Excerpts from Jim Conrad's
Naturalist Newsletter

from the December 15, 2013 Newsletter issued from the Frio Canyon Nature Education Center in the valley of the Dry Frio River in northern Uvalde County, southwestern Texas, on the southern border of the Edwards Plateau, USA

If you bike northward, up Dry Frio Canyon into Real County, you gradually rise in elevation. After about three miles you come to the sign saying they'll shoot you if you pass beyond the gate. There you don't feel like you've climbed much in elevation but I've found numerous plants in that area that hadn't appeared farther south and lower in elevation, in Uvalde County. Typically those new finds at the shooting gate are species commonly occurring in the Great Plains' prairies to our north, while farther south on the Coastal Plain at Uvalde the vegetation tends to Mesquite- and Acacia-rich "scrub," or low thorn forest.

This week not far from the shooting gate, at a woods edge, several stems of a whitish, fine-leafed, slender bush leaned onto the gravel road seeking sunlight, as shown below:


The white herbage is what caught my eye. At first it seemed that the whiteness might be caused by road dust or maybe by white fungal mycelium covering the leaves. However, up close it was clear that the plant body bore a thick mantle of matted, white, cottony hairs. Below, you can see the top and bottom surfaces of a leaf:

White Sage, ARTEMISIA LUDOVICIANA, hairs on upper and lower leaf surface

Among the stems' upper leaves arose hundreds of tiny flowering heads of the type found in the Composite or Sunflower Family, as shown below:

White Sage, ARTEMISIA LUDOVICIANA, flower heads & leaves

The urn-shaped flowering heads, only about 1/8th inch high (3.5mm), were past their blossoming time, with the corollas shriveling and cypsela-type fruits developing within the involucres. Below you can see how the heads were arrayed on short stems, or peduncles:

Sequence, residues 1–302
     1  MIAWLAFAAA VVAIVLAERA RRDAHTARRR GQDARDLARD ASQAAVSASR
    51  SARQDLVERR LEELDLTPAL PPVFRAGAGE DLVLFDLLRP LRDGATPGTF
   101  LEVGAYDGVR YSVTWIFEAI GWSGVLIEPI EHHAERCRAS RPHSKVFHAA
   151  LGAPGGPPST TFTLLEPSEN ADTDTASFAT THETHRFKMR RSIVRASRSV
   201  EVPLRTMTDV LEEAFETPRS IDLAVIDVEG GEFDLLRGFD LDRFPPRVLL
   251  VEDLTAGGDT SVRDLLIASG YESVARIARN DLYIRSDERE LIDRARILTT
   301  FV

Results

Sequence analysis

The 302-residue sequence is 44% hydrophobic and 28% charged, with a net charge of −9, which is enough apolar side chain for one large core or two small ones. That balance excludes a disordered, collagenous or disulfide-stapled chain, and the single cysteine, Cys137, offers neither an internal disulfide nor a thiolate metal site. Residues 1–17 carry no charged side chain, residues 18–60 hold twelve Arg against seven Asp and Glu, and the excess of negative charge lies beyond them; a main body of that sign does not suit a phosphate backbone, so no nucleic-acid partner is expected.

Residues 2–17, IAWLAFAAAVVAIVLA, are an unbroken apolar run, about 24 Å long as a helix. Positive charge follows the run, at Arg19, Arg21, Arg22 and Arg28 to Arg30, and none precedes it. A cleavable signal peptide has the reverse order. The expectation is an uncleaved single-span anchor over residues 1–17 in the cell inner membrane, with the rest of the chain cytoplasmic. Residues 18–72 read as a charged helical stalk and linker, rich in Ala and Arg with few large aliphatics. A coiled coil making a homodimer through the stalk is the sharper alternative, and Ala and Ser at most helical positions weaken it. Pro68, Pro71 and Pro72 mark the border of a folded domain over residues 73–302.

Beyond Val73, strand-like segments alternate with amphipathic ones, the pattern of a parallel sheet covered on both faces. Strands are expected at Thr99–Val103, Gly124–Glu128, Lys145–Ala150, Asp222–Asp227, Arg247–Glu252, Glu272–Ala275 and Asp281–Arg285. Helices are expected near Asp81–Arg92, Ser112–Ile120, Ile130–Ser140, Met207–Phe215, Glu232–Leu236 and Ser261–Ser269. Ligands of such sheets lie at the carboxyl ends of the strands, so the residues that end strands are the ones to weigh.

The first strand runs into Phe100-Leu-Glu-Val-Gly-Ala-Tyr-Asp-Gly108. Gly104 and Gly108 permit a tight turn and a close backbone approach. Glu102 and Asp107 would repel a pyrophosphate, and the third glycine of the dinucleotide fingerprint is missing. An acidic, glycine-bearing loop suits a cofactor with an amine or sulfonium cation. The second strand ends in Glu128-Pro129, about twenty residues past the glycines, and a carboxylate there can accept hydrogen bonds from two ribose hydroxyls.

White Sage, ARTEMISIA LUDOVICIANA, flower heads

Usually when I encounter a member of the Composite Family new to me I look at details of the flowering head such as what kind of pappus arises from atop the fruit, whether scale-like paleae separate the fruits from one another, etc. However, in these tiny heads such details would be very hard to see; moreover, with the plant having such tiny flowering heads, the white wooliness, and its crushed leaves smelling bitter-spicy, and the leaves tasting like something I'd tasted before, already I thought I knew what genus this plant belonged to.

For, I've spent some time in the western US's high deserts where vast areas were covered with sagebrush of this very color, and sagebrush has clusters of tiny heads just like these, and sagebrush smells good, and has a somewhat similar odor and flavor. Sagebrush is Artemisia tridentata. The genus Artemisia is a big one, with about fifty species just in North America, so surely this was one of those 49 other Artemisia species.

Our roadside plant is widely distributed in western and central North America and northern Mexico. Covering such a large area, it's known by many names, including White Sage, Prairie Sage, Silver Wormwood, Western Mugwort, White Sagewort, Gray Sagewort, White Sagebrush, Mountain Sagewort and a host of similar names. It's ARTEMISIA LUDOVICIANA. Six subspecies are recognized for it in the US, so it's not surprising that it's very variable and occupies a broad range of habitats, from loamy soil in mountain meadows, to sandy soil in deserts and rocky slopes.

With its odor, flavor and availability you might guess that traditionally White Sage was used medicinally. In fact indigenous Americans used it for sore throats, stomach ailments, and difficulty in childbirth. Its leaves were also crushed and employed as snuff to treat sinus attacks, nosebleeds, and headaches. Tea made with White Sage was used in Mexican traditional medicine to alleviate intestinal pain. Extracts of the plant have been shown to display antifungal properties. Indigenous Americans also burned it for incense and some used it constructing their roofs and wattled walls. In cooking, it was used to flavor meat.

Because it's a tough plant with pretty herbage, Silver Sage often is grown in gardens. Several cultivars have been developed, such as 'Silver King' and 'Silver Frost.' It does best in well-drained soils in full sun. It's easily propagated by cuttings and seeds.

So, this is an important plant, though somehow until now I hadn't noticed it. But, there's a lot in life like that, just so many interesting and lovely things still to be met with.